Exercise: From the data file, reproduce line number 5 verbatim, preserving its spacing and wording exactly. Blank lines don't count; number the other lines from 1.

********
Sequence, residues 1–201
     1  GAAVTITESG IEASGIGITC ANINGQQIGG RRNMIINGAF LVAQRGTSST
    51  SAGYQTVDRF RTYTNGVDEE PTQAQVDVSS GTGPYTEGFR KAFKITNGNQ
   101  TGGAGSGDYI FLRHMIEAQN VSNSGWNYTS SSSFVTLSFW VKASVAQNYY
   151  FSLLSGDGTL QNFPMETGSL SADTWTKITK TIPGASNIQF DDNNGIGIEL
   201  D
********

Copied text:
   151  FSLLSGDGTL QNFPMETGSL SADTWTKITK TIPGASNIQF DDNNGIGIEL